activities, on both vegetation and wildlife (Nappi et al., 2004) at the extent of salvage activities. Amongst these impacts, one of the most important is the removal of foraging and nesting habitats for wildlife (e.g. snags), that harbour large numbers of insect larvae, thus reducing the availability of prey for insectivorous birds (Morissette et al., 2002; Purdon et al., 2002). It has also been reported that salvage logging reduces the average persistence of leftover snags, which are more vulnerable to windthrow when forest openings become abundant across the landscape, and it obviously reduces average diameters of lingering snags and stand densities (Russell et al., 2006). Moreover, the removal of merchantable snags reduces in situ seed sources that are important for establishing tree regeneration; full sun exposition also results in higher variations in soil temperatures (Greene et al., 2006) leading to desiccation and to a reduction in suitable seedbed and growth conditions for understory plants and trees (Purdon et al., 2002). This tends to homogenize and to reduce the cover and diversity of plant communities (Purdon et al., 2002). Furthermore, patterns of within-stand structural complexity are altered as snags and residual living trees are removed (Lindenmayer et al, 2008); within these simplified stands, the assemblages of plants and animals are modified as functional groups decline or are lost (Lindenmayer and Ough, 2006).
To evaluate the impact of postfire salvage logging on bum-associated species, we specifically looked at eight beetle families (Buprestidae, Cerambycidae, Cleridae, Corylophidae, Curculionidae, Elateridae, Lathridiidae and Salpingidae) known to contain many saproxylic species and/or having many species that mostly occur in bums (Wikars, 1992; Wikars, 1997a; Siitonen, 2001; Saint-Germain et al., 2004a; Boulanger and Sirois, 2007; Moretti et al., 2010). Few studies have directly evaluated the response of boreal forest communities to salvage logging, most have considered bird
communities (Morissette et al., 2002; Cahall and Hayes, 2009; Azeria et al., in revision) and one considered bryophyte communities (Bradbury, 2006). The response of epigeic carabid beetles to postfire salvage logging has been studied, and indicated that communities differ between burned forest and salvage logged forest (Phillips et al., 2006). The same study also outlined that carabid’s response towards salvage logging was different from the one to harvesting in unbumed forest, suggesting that postfire forest management requires particular considerations (Phillips et al., 2006). Although to our knowledge, our study is the first to address this issue by studying the response of
saproxylic beetles5 assemblages over time to postfire salvage logging.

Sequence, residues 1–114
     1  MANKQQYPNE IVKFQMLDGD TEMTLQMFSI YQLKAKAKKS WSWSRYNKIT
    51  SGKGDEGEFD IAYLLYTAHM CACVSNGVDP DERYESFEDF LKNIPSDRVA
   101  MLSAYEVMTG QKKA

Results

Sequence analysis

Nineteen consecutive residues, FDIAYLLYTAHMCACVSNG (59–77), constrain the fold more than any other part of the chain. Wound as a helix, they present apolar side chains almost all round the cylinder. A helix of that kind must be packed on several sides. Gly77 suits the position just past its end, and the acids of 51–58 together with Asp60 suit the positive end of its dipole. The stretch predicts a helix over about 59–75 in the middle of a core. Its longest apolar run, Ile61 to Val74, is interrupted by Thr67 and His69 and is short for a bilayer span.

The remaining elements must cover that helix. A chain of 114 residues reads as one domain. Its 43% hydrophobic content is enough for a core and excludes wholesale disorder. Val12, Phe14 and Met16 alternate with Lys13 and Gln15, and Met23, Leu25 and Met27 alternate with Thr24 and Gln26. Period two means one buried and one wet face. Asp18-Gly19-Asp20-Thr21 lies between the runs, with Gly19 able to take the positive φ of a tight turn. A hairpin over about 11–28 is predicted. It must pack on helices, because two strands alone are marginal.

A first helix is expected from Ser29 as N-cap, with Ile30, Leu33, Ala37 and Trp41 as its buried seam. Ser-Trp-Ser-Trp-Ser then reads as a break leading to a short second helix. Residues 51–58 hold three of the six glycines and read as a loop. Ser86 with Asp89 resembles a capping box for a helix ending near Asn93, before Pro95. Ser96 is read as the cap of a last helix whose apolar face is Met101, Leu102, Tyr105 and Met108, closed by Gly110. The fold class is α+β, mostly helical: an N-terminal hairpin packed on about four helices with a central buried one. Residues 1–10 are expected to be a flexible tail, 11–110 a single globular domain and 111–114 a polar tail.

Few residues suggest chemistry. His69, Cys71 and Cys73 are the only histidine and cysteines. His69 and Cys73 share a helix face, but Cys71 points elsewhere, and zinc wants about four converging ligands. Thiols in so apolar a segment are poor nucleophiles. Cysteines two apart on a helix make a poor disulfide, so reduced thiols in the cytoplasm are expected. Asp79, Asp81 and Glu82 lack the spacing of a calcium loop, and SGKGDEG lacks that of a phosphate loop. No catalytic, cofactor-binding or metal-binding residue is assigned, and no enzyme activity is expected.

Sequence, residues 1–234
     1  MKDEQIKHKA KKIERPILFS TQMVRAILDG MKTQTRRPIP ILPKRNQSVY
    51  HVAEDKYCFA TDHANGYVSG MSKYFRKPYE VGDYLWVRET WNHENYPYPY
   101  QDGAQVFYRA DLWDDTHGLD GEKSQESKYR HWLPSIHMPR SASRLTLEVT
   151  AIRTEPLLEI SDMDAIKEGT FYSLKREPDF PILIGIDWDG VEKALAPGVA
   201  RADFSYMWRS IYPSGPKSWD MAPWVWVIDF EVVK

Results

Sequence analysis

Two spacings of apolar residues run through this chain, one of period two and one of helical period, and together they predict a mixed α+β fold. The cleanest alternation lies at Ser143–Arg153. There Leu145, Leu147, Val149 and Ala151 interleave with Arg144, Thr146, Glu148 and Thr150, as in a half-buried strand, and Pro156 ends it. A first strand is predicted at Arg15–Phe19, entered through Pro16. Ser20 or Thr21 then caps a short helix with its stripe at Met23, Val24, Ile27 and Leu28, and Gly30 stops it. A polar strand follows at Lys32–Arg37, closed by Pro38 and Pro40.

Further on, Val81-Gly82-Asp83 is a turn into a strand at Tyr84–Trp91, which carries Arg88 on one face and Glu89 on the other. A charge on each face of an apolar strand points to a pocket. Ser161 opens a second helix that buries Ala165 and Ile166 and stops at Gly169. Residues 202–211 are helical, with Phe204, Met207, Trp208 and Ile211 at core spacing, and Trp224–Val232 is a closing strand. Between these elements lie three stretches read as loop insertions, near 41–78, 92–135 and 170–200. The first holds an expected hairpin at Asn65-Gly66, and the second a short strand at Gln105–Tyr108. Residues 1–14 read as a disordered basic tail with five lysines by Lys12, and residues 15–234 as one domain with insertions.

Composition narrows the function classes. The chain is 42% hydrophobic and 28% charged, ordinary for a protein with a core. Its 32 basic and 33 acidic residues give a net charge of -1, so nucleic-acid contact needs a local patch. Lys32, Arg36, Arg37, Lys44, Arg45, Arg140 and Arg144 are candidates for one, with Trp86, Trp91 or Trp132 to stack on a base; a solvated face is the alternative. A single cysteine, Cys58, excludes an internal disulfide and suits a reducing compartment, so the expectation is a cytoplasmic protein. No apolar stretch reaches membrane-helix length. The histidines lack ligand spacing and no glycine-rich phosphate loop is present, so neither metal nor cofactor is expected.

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Table des matières

Table des matières
L1 Influence évolutive du feu
1.2 Importance des brûlis pour les coléoptères saproxyliques
1.3 Problématique
1.3.1 Impacts de la récupération après feu
1.3.2 Lois protégeant la biodiversité
L4 Contexte de Vétude
2.1. Study area and sampling plots
2.3. Habitat attributes
2.3.1. At the 0.04 ha scale
2.3.2. At the 7 ha scale
2.4. Statistical analysis
2.4.1. Abundance and species richness in burned versus girdled plots
2.4.2. Species assemblages in burned versus girdled plots
2.4.3. Burn-associated species
2.4.4. Burn-associated species models relating abundance, species richness and species turnover to habitat attributes
2.4.5. Burn-associated beetle assemblages and habitat relationship
3.1. Abundance and species richness of burned versus girdled plots
3.2. Beetle assemblages in burned versus girdled plots
3.3. Species associated with burned versus girdled plots
3.4. Models relating abundance, species richness, species turnover and assemblages of burn-associated species to habitat attributes
3.4.2. Trees of non-merchantable dimensions (JPLY, BSP.Y, and Y.Stands)
3.4.3. Down dead wood (JPI.DDWandBSP.DDW)
3.4.4. Burn severity (Brn.Sev) and distance to green forest (Dis.GF)
3.4.5. Salvage area (Sal.Area)
4.1. Burned versus girdled plots
4.2. Burn-associated species
4.3. Salvage logging, habitat attributes and burn-associated species: temporal dynamics
4.3.1. Importance of prefireforest condition
4.3.2. Importance of fire severity and distance to unburnedforest
4.3.3. Temporal effect of postfire salvage logging
4.4. Conclusion and management implications
2.1 Diversité entomologique associée aux brûlis
2.2 Effet temporel de la coupe de récupération et des attributs de l’habitat sur les espèces associées aux brûlis
2.3 Implications pour l’aménagement des brûlis et perspectives d’avenir